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Alberta Overtime Case With Big Implications In Employment Law
Scheffler v Mourits Trucking Ltd., 2023 ABKB 139 (J.S. Little) is a case involving an overtime claim which was brought in front of the Court of King’s Bench. The dispute was originally decided by a master, but this was a hearing de novo in front of Justice Little where the Court allowed the overtime claim to stretch back beyond the 6 month period from the Employment Standards Code that some other cases have found is a mandatory limit.
This case is definitely a win for employees, and could potentially be very important in Alberta.
The following are the pertinent facts summarized by the Alberta Court of King’s Bench:
- The plaintiff employee Roger Scheffler worked for the defendant employer Mourtis Trucking
- The employee worked for the employer for a period of time that was unspecified in the judgment
- There was no employment agreement between the parties dealing with overtime
- The employee had worked 719 overtime hours over a period of time prior to filing his claim against the employer (The judgment does not specify the period, but we have to infer based on the rest of the judgment that this period covered more than 6 months but less than 2 years)
- The employee was paid his ordinary hourly rate for those 719 hours, but was not paid time-and-a-half as required under the Alberta Employment Standards Code, leaving him short over that period a total of $7,549.50
Analysis / Conclusion
The employer argued that the employee could only claim for unpaid overtime amounts which fell within 6 months of his termination of employment. The employer cited the Alberta Employment Standards Code itself, which does state that an employee can only make a claim under the Code for amounts within 6 months preceding the termination of employment. The employer also cited prior Alberta case law supportive of its position on the 6 month rule.
The Court disagreed.
Justice Little found that although the entitlement to overtime came from the Code, since this action was brought as a civil lawsuit (i.e. as opposed to in front of an officer under the Code), there was no 6 month restriction:
 I conclude, however, that while the Code establishes the right to overtime, it would be inequitable to constrain an employee’s recovery to the six month limit under the Code when an employee uses conventional litigation instead of the Code. In my view, the remedies and their restrictions prescribed under the Code apply only when an employee engages the resources and collection mechanism available under the Code.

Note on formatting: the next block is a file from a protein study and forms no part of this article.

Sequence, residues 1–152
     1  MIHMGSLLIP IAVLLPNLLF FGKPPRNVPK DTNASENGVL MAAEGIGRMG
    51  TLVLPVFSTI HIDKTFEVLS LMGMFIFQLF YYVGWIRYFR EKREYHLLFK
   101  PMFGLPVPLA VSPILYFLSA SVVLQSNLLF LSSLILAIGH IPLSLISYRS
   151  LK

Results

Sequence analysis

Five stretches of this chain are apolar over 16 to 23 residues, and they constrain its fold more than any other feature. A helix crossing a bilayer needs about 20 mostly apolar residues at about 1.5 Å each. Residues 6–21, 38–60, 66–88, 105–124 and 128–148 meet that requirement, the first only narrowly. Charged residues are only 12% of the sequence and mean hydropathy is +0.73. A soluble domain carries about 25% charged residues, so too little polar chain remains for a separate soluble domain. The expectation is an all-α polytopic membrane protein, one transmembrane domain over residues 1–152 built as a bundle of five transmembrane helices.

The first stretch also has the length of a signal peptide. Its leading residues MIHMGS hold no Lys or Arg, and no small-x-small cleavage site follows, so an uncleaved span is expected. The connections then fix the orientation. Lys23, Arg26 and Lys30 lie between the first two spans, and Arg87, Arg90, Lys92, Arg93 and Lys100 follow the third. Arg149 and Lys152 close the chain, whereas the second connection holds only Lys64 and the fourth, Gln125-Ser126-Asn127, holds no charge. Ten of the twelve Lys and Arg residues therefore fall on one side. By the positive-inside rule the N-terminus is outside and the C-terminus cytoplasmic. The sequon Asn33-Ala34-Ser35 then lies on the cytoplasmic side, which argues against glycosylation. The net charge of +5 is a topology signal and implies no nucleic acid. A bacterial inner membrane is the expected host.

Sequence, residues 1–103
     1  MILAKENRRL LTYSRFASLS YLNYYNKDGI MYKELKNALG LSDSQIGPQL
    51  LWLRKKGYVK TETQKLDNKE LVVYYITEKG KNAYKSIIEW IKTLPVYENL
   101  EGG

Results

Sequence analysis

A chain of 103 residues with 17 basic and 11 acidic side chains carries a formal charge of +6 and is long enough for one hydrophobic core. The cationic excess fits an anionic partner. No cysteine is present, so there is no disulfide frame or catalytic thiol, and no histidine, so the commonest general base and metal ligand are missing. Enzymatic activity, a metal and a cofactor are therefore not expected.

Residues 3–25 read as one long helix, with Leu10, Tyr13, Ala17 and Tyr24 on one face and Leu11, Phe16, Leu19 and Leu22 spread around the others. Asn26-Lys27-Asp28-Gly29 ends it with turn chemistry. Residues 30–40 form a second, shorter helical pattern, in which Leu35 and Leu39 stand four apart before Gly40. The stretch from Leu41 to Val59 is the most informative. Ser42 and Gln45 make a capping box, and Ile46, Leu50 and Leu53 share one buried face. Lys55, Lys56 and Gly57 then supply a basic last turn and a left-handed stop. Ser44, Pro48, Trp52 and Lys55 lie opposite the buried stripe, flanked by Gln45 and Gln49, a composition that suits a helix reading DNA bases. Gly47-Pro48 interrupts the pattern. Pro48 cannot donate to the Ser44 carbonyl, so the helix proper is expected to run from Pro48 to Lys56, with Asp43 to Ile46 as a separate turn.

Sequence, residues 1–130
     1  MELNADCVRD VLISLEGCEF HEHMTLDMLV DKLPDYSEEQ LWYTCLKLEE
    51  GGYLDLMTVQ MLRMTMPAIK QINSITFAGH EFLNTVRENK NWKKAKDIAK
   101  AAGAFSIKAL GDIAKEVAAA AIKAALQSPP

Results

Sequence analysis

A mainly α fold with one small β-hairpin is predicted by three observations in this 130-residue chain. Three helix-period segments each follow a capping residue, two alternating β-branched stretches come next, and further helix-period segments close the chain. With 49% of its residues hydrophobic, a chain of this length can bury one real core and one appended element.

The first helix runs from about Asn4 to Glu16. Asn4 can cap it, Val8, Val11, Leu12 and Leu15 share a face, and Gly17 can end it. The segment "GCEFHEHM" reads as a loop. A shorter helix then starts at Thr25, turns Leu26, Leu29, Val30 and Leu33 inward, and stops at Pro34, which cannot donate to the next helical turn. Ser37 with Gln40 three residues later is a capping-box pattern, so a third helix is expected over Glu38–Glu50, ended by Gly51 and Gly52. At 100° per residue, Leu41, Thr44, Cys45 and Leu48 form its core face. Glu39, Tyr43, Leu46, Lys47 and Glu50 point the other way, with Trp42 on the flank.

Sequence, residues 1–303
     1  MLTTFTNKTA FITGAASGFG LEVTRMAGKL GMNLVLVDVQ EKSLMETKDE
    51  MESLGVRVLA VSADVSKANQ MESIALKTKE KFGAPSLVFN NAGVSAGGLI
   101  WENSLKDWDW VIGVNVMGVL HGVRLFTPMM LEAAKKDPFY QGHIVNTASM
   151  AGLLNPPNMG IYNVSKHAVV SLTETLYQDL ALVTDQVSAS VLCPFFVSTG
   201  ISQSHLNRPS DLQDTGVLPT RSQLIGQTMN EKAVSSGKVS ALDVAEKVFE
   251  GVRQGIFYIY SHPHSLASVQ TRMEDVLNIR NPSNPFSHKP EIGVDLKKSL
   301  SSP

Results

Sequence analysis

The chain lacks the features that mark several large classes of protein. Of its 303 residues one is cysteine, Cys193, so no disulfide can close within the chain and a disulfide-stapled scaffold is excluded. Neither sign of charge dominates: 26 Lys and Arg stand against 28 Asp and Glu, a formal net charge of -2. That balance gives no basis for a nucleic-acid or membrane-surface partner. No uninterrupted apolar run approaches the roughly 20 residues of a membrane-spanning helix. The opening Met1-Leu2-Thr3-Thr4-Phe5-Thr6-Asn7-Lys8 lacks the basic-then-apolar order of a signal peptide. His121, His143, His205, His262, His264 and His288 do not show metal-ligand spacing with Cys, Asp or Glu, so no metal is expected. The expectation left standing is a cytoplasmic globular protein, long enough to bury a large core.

Section 90(3) of the Code restricts an employee’s claim for overtime to six months, but section 90(1) states that that relates to “[a]n order made under this Division”. Mr. Scheffler has not made this claim under that Division and therefore has not employed the resources and collection mechanism under the Code.
There have been other cases to similar effect in other jurisdictions (and in Alberta I believe), but there have been several cases with the opposite conclusion. This case is the most recent one in Alberta, and it hails from a Justice of the Court of King’s Bench, so it should have significant weight.
Bow River Law provides these regular legal blog articles for the purposes of legal education and research for the public and the legal profession. These articles should be considered general information and not legal advice. If you have a legal problem, you should speak to a lawyer directly.
Bow River Law is a team of knowledgeable, skilled and experienced lawyers handling employment law, human rights (discrimination) and labour law matters. Bow River Law is based in Calgary but we are Alberta’s Workforce Lawyers.